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DON’T SHRED YOUR OLD HARD DRIVES! 8 Reasons Why Sanitisation Beats Destruction for HDDs
My colleagues have written about attitudes to data erasure before: security is the top concern of IT managers looking to dispose of data storage devices such as Hard Disk Drives (HDDs) and rightly so. There is, however, a tendency to destroy equipment that could be reused because of a mistaken belief that this is the best way to protect data. Surveys suggest that many companies shred, crush or manually destroy drives that could have been processed with accredited software and put back into use.
These destruction methods are in fact no more secure than sanitising hardware with the kind of industry leading software used by Techbuyer; some research bodies have been able to recover data from HDDs that have been through the shredder. Using software to erase data is the industry standard for many organisations who process sensitive data, including leading corporate and government establishments such as the US Department of Defence.
However, having this favourable alternative is not the only reason to stop the needless destruction of hardware.
HDDs are made up of precious metals, critical raw materials and substances that are responsible for high levels of greenhouse gas emissions. The following 8 materials comprise some of what we waste, lose or damagingly release when we choose to shred rather than securely erase data and reuse the IT equipment:
- Aluminium is one of the top five offenders in industrial greenhouse gas emissions worldwide; its manufacture accounts for 3% overall. It is present in the actuator and sometimes the disk.
- Cobalt is a base metal is on the US and EU Critical Raw Materials list. It is present in an oxidised layer of coating on the disk and is not recoverable with recycling.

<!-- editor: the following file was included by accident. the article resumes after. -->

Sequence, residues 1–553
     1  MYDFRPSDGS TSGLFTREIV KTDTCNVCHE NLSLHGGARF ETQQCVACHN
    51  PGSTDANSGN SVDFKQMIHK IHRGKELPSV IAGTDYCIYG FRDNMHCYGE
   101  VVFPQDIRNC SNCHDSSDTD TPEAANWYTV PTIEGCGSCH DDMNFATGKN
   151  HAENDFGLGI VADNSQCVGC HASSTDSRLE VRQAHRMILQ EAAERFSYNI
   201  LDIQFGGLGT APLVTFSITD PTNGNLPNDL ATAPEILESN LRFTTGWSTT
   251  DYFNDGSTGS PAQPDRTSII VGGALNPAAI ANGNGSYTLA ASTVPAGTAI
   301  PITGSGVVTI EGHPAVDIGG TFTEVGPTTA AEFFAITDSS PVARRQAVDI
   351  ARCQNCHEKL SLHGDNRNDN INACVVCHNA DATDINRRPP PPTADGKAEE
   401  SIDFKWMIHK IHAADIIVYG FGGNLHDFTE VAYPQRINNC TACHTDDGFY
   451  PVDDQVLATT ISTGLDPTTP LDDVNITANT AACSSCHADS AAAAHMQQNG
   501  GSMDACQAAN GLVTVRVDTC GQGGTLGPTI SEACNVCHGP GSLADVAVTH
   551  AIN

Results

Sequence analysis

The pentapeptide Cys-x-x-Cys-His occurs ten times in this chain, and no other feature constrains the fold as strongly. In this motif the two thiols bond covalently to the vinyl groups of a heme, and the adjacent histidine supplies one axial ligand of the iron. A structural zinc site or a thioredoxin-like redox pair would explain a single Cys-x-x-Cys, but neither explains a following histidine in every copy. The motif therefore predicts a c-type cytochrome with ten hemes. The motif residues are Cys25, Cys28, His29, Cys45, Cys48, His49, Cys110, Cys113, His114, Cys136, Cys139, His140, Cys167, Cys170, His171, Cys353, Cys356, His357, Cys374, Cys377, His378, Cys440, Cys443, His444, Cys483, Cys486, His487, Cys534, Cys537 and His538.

- Neodymium is present in the magnets inside the drives. It is valuable on the open market.
- Copper is present in the Actuator and in the alloy on the mounting. Mining has impacts that can result in erosion, sinkholes, loss of biodiversity and the contamination of soil and groundwater.
- Chromium is present in small amounts in the Mu Metal mounting. It is on the US Critical Raw Materials list of items that are in short or politically unstable supply.
- Gold is present in the circuit board and the connectors. The mining of this precious metal can be damaging to the environment.
- Plastic is present in the circuit boards. The manufacture of the material accounts for around 4% of the world’s industrial greenhouse gas emissions.
- Stainless steel is present in the casing. The manufacture is responsible for 25% of industrial greenhouse gas emissions worldwide.
Our data sanitisation processes at Techbuyer eliminate the need for shredding or other physical destruction in most cases. We are committed to comprehensive refurbishment where possible and ethical recycling when equipment is not suitable for reuse. Our customers choose us for our excellent, industry leading standards of products, pricing and customer service. But as consumers and businesses place increasing emphasis on environmental concerns, our commitment to research and education about reuse is fast becoming one of the most important factors to choosing Techbuyer.
Techbuyer is a global leader in the buying, selling and refurbishing of data centre and networking equipment. Data security is at the core of our business and we use world leading data sanitisation software from WhiteCanyon and Blanco to ensure all sensitive data is fully erased before any IT equipment is refurbished. You can find out more about our secure sanitisation process here.